Mon, Mar

anis haffar

  • Instead it’s among the first, exactly because of what it is doing in Africa.” He continued: “France is one of those countries that by printing money for 14 African states prevents their economic development ...

    Written By Anis Haffar - Some readers sent me a link (January 22, 2019) titled, “Italy wants France sanctioned for ‘creating poverty in Africa’.” That morning, I had just watched a BBC report on that very same subject.

  • How can somebody like me from a small tribe - the Ahanta people in the Western Region - be called to go to work in Accra; I mean how are the people going to receive me?

    Somebody from this small place, Apowa, and now Bishop of Sekondi-Takoradi, and now shot up to be the Bishop of Accra! I did my minor seminary at Amisano and then joined the Spiritans, a missionary congregation.

  • Presentations have become the de facto tool of communication across disciplines and boundaries; in other words, you not only tell your story – you show it.

    Written by Anis Haffar - Courage was famously defined by the American writer and Nobel laureate, Ernest Hemingway (1899 – 1961), as “grace under pressure”. That definition resonated with Dr Joyce Aryee’s remarks to pupils from the Crimson Dawn Junior High School (JHS) of Akosombo when she said:

  • It’s so childish indeed, this business of wanting the good things in life without putting in the thinking and the work that goes into making those wonderful things possible. To crown such infantile attitudes, factories and industries have been bought and converted for all night and day prayer vigils daring God to leave His throne to come down to earth to grow crops, provide transport, clean the gutters, fill our potholes and then proceed to deliver the currency for the nation’s prosperity.

    Why do poor African countries continue to pray so much but choose to do so little? There’s the gnawing wish list – perpetuated by tithe hungry prophets – for the good things in life: nice cars, designer clothes, gold jewels, widescreen TVs, mobile phones, double decker refrigerators, good food and the rest; but why does the nation neglect to promote and develop the relevant vocations and industries that make those wonderful things possible?

  • An episode comes to mind. Standing out in the hallway and peering through the window of this particular KG One class, I observed the difficulty the teacher suffered in the attempt to bring some order into the chaos. Impulsive, energetic and nimble, children at that age are not wired to sit still – much less to listen.

    Written By Anis Haffar - There's no such thing as a perfect parent, but there is such a thing as a great parent. Similarly, there is such a thing as a great teacher. Whenever I’ve visited basic schools to do pre-service class observations - to inform the design of an upcoming teacher training - my first ports of call are the Kindergarten (KG) One classes.

  • Written By Anis Haffar - It will be tough to separate Winston Churchill’s command of the English language from his wicked wit. While a lessor idiom might suggest, for example, that “It’s time to stop beating about the bush,” Churchill might capture Africa’s education dilemma thus: We must “now lay eggs instead of scratching around in the dust clucking. It is a far more satisfactory occupation.”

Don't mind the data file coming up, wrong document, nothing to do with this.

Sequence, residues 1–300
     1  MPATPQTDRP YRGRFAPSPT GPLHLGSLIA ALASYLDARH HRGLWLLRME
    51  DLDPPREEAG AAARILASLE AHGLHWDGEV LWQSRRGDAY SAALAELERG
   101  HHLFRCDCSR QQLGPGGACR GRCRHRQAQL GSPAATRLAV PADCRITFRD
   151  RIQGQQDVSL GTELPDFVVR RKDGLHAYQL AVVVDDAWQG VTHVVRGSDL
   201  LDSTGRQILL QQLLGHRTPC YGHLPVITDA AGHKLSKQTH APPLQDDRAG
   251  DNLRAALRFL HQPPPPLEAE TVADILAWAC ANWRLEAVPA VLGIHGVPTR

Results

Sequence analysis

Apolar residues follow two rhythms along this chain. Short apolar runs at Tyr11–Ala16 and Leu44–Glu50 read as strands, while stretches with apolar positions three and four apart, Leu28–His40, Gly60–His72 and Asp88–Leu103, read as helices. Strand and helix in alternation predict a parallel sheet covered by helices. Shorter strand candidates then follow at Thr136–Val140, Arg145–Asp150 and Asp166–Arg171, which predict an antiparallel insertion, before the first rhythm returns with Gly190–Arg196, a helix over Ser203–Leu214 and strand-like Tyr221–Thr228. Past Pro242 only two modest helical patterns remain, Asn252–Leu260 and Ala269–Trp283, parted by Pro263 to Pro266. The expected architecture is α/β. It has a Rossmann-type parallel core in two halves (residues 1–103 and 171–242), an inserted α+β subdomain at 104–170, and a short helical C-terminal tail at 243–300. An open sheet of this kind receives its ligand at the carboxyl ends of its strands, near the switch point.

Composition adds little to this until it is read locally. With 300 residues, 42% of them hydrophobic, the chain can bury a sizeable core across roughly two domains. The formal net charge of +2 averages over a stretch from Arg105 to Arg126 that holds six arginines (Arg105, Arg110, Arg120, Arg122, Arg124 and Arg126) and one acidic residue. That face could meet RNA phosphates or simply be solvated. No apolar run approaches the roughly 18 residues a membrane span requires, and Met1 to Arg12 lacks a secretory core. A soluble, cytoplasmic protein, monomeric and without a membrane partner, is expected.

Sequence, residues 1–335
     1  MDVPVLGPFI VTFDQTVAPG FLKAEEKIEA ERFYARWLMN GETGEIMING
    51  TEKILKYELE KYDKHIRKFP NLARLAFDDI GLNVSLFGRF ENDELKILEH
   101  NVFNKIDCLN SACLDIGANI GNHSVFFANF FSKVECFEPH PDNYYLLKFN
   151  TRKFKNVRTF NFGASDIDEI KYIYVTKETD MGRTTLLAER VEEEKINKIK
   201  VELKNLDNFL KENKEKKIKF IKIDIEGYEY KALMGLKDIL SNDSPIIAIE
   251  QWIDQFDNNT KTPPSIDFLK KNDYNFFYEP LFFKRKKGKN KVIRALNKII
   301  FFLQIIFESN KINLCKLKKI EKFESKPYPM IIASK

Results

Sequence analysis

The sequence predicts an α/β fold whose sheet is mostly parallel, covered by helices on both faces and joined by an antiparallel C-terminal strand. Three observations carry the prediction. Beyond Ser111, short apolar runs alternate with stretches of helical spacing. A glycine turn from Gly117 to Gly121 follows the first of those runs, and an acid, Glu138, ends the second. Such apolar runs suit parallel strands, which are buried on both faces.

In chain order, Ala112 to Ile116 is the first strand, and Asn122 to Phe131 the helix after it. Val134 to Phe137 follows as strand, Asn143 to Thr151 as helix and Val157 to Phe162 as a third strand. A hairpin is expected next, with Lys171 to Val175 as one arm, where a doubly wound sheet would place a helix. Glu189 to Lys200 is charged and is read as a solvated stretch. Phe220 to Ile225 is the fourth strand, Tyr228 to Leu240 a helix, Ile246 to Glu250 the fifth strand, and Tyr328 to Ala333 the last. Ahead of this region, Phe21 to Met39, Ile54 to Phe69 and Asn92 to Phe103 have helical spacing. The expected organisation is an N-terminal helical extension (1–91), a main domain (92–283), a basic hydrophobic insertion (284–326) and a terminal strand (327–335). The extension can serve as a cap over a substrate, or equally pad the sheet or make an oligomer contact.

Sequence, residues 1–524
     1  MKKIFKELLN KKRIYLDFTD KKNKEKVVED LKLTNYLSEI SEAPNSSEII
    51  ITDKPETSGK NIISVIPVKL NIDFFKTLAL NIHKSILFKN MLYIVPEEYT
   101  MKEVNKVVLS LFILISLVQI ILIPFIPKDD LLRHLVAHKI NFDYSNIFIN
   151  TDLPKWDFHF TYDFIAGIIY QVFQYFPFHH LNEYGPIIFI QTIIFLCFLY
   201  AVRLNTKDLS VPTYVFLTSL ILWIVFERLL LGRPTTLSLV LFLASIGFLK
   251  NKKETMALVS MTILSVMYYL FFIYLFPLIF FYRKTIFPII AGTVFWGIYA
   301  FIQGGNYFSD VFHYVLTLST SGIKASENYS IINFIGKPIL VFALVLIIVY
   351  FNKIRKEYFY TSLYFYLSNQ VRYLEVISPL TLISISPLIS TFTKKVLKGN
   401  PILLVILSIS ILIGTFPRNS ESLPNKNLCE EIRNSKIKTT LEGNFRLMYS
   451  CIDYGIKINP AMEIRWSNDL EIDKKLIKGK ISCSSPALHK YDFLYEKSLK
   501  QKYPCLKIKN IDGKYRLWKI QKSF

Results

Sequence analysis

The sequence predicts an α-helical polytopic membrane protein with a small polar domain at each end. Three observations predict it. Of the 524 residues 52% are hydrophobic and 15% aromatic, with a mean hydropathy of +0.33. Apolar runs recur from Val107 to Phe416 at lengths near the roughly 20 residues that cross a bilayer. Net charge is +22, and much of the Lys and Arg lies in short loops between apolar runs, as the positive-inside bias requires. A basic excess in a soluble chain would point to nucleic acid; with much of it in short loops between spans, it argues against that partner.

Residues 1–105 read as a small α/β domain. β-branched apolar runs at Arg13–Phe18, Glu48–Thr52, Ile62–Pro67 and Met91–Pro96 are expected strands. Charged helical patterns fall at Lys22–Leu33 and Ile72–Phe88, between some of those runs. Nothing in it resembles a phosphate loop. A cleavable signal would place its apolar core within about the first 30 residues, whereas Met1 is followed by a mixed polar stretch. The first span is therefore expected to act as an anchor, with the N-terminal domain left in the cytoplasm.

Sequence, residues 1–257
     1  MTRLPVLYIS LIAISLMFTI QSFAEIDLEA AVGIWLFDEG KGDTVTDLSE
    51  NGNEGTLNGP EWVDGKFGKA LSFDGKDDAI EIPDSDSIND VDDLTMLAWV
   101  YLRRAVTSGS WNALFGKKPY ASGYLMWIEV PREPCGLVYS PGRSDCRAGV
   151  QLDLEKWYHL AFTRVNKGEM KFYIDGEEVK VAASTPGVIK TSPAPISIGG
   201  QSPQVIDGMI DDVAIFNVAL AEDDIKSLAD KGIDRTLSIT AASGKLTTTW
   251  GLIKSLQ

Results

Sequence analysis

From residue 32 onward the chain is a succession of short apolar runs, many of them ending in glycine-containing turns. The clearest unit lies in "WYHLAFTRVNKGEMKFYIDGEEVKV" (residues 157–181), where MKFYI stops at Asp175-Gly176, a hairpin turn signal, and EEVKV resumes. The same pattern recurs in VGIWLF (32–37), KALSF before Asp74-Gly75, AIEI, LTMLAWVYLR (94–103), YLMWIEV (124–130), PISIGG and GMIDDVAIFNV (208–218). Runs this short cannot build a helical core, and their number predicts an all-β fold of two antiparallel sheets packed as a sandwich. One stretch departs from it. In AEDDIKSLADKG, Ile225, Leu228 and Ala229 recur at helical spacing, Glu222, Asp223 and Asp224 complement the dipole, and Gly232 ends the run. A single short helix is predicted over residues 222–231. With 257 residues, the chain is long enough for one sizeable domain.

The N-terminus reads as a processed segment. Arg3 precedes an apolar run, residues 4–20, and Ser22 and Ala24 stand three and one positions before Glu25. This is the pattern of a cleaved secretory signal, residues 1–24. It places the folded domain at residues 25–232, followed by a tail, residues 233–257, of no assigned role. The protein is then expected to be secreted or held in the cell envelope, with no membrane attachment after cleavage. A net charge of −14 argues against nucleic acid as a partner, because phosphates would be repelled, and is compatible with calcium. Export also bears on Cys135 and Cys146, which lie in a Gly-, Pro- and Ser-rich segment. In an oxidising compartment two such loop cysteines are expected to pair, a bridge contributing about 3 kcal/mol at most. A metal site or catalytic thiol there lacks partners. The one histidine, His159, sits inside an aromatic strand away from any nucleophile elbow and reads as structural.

• In a previous column, “Suffer the little children to come unto me,” (December 14, 2015), I noted that it was difficult to forgive the absurd reasons I heard when discussing (on radio or TV) the issues of school discipline with panels of grown-ups who should know better than hurt children.

    Written By Anis Haffar - The invitation by the Tema International School (TIS) Amnesty Club to be the guest speaker and launch their campaign (January 2018) against corporal punishment in schools took my mind back to my own childhood, to a gory incident, which I shared with the audience.

  • One can understand the discomfort some may have about the true picture on the ground, but there's no choice to save the public schools from apathy and neglect.

    Written By Anis Haffar - It's been said that there is nothing called darkness; it’s just the absence of light.

  • I noted that Lifelong Learning must incite the responsibility and pride of every teacher everywhere. These days internet sites that showcase best practices ...

    Written By Anis Haffar - It was insightful listening to Conrad Hughes - on Skype from Geneva - contribute as a panellist to the Tema International School (TIS) Educational Forum, Monday October 1, 2018, on the theme, “A Transforming World: The State of School Education in the Next 15 Years”.

  • Written By Anis Haffar - Quality education is a loaded concern. The discipline of teaching, for example, involves a great deal about competent teachers, appropriate subject matter, quality instructional strategies, the relevant teaching and learning materials, and so on. But a key concern was the state of the school environment itself. Are the schools safe enough to protect the child from the dangers of physical injuries, and death - as we witnessed early this year?

  • Written By Anis Haffer - Yes, it’s time to make education in Ghana sane again – starting off, especially, by meeting the hygienic and safety needs of the nation’s children in the 14,000 odd public basic schools across the country.

  • In Apiorkor’s “The Matriarch’s Verse”, the matriarch symbolises the all-knowing, empathetic woman. The book’s cover displays the silhouette of a curvaceous, voluptuous ...

    Written By Anis Haffar - Sometime, somewhere – between the past and the present – between drama and song – have been strewn petals of folklore waiting to be resurrected and fresh life pumped into them.
    Sankofa, as we say in Akan, supports re-visiting one’s cultural heritage and sifting through the rummage to retrieve all that is useful and noble.